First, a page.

Five Virginia private liberal arts colleges have joined together to reduce their energy costs.
Hollins University along with Emory & Henry, Lynchburg, Randolph, and Sweet Briar Colleges are the first such institutions of higher education in Virginia to provide 100 percent renewable electricity to their campuses.
The energy is coming from landfills located around the Commonwealth. Ingenco captures landfill gas emissions and sends it to the schools. Emory & Henry spokesman Jesse Freedman says this will enable them to cut their carbon footprint by half.
A tiny, invasive bug is bringing down hemlock trees from Appalachia to southern Canada. And scientists fear another treasured native tree may be going the way of the American chestnut, forever changing forest ecosystems.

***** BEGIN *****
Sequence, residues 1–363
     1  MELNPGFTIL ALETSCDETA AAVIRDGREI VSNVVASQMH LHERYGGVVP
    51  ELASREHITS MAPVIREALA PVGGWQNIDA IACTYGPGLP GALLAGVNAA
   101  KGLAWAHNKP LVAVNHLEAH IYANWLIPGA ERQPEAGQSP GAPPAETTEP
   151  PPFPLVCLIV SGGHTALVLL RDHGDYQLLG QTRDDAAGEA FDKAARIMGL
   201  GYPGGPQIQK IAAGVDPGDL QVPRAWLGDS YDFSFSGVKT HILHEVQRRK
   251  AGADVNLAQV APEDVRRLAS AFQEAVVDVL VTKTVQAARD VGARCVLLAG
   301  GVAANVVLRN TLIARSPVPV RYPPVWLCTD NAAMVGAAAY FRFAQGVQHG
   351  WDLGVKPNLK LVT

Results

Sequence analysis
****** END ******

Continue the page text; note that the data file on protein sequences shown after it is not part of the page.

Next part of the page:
Researchers at Virginia Tech are hoping to beat the invaders at their own game. They’re using a new invasive species to keep an old one in check, and save the American hemlock tree.
A 14-acre stand of trees on the Virginia Tech campus in Blacksburg recently escaped destruction when the University agreed not to build an athletic practice facility on that spot.
Now a Virginia Senator wants to make protection of the parcel, known as Stadium Woods, permanent.
Senator John Edwards applauds Virginia Tech’s Board of Visitors for voting to save Stadium woods from development – for now. But he’s introduced a bill that would make protection permanent with a conservation easement on the land.
The federal law protecting endangered species turned forty in 2013. And that calls for taking stock of how it’s been working.
Fresh Water mussels are at the foundation of aquatic life in inland waterways. At different times in their life cycle, the burrow into river bottoms, keeping soil substrates aerated, and they act as powerful filtering systems that help keep the water clean. But they’re on the endangered species list, and anything that threatens them, also threatens our fresh surface water.